By-standers and journalists alike were left in silent awe for a few moments. No-one had predicted a scene like this to unfold. Tears then streamed from the crowds eyes as piercing cries of horror broke the previous silence. The dedicated believers suddenly dropped to their knees in prostration and prayer. Witnesses say his chants could still be heard as thick, black and pungent smoke started to waft over them. For the next ten minutes he continued to burn and his lifeless body remained seated in the lotus position until it finally fell backwards. At this stage several monks rushed in, doused the flames and then covered his body with cloaks.
Final words in a letter left by Thích Quảng Đức:
“Before closing my eyes and moving towards the vision of the Buddha, I respectfully plead to President Ngo Dinh Diem to take a mind of compassion towards the people of the nation and implement religious equality to maintain the strength of the homeland eternally. I call the venerables, reverends, members of the sangha and the lay Buddhists to organise in solidarity to make sacrifices to protect Buddhism.”
Thích Quảng Đức’s remains were taken directly to the Xa Loi Pagoda and in the coming weeks, he was re-cremated at a funeral service on the outskirts of the city but amazingly his heart was still intact after the cremation. It was returned and placed at the pagoda, to be admired and seen as a symbol of compassion.
Sadly, within a month the pagoda was stormed by Diem’s special forces, who confiscated the ‘heart’ and it was never seen again. The South Vietnamese Government wasn’t going to allow this ‘old fools’ self-sacrifice be celebrated or glorified and in any way to be used to inspire others future revolts.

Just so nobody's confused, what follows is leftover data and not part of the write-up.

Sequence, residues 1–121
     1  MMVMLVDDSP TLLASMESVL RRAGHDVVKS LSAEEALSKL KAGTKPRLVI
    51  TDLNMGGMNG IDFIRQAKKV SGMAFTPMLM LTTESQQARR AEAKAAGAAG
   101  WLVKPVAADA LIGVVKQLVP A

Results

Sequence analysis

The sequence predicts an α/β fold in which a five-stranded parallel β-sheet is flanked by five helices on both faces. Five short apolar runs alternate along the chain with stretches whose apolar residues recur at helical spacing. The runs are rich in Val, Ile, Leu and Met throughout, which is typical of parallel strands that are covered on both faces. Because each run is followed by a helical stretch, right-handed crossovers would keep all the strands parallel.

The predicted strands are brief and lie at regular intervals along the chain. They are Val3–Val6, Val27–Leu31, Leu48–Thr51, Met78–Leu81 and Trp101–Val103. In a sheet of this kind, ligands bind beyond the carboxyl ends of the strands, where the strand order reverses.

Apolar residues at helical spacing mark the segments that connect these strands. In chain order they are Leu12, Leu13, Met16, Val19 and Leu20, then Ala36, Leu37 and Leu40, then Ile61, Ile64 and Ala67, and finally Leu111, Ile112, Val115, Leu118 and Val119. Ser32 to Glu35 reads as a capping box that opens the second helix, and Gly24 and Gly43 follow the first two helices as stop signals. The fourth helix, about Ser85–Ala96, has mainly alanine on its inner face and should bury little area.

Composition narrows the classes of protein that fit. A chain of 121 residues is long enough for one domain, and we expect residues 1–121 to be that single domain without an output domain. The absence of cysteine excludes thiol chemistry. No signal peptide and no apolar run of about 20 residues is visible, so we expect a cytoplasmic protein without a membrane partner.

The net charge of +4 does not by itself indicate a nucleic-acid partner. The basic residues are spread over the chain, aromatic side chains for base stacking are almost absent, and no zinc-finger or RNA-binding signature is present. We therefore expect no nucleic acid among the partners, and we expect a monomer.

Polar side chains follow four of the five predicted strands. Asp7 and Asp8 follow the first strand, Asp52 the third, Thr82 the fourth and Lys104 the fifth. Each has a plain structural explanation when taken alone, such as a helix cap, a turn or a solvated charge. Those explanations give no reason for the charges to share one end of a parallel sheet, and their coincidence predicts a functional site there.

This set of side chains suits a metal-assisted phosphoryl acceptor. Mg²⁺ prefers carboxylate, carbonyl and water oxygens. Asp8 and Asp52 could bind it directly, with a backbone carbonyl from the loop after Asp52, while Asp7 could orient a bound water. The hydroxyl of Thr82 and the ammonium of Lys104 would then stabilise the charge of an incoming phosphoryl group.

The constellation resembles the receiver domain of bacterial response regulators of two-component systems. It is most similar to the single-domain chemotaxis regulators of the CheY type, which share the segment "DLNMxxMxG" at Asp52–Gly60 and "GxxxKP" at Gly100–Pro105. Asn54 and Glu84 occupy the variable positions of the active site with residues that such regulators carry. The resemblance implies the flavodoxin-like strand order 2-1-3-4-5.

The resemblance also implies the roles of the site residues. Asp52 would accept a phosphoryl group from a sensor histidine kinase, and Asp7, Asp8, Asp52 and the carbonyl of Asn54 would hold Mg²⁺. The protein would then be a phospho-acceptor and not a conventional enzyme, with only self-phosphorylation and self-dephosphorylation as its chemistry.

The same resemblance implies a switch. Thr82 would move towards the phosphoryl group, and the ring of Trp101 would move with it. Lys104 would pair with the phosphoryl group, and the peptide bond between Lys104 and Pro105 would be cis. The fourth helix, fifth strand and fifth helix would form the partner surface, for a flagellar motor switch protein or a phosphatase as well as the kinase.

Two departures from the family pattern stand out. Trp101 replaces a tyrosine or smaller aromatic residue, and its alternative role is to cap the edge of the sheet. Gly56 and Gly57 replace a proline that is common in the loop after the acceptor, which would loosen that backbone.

Needless to say that the actions of Thích Quảng Đức that day were instantly transmitted across our globe and eventually forced important changes. It didn’t stop the war, but it finally forced J.F.K to back away from supporting the tyrannical ways of Diệm and they instantly demanded he make swift changes to policies, particularly to the one regarding the treatment of his own people. After an initial agreement with the Americans, the changes never came and in November that year Prime Minister Diệm and his Chief Advisor (who was also his brother) were assassinated in a U.S. backed coup. Perhaps not coincidentally, J.F.K was then chillingly assassinated three weeks later.
Thích Quảng Đức’s death is now still inspiring others in ways that he could never had imagined. His legacy lives on in the countless streets, memorials and temples named in his honour. He is a often a figure of worship and all Vietnamese are taught about what he did and why he deserves respect. Who knows what might have become had his death not happened the way it did? The most fitting memorial to him is at the intersection where he had tragically died. Its only a short walk or bus ride up the busy Cach Mang Tang Tam Street from District 1 and I recommend it as an absolute must-see for anyone’s trip to Ho Chi Minh City who’s into history.
I must admit to, it’s also a fitting cover for a great album whose band and lyrics are always ‘waking’ people up to injustice and encouraging them to both question and give demands to their governments. The cover of this CD doesn’t represent the band at all for me anymore but the ideas behind the original selfless act.
I commend you Rage Against the Machine and the respect you have for fighters of social justice.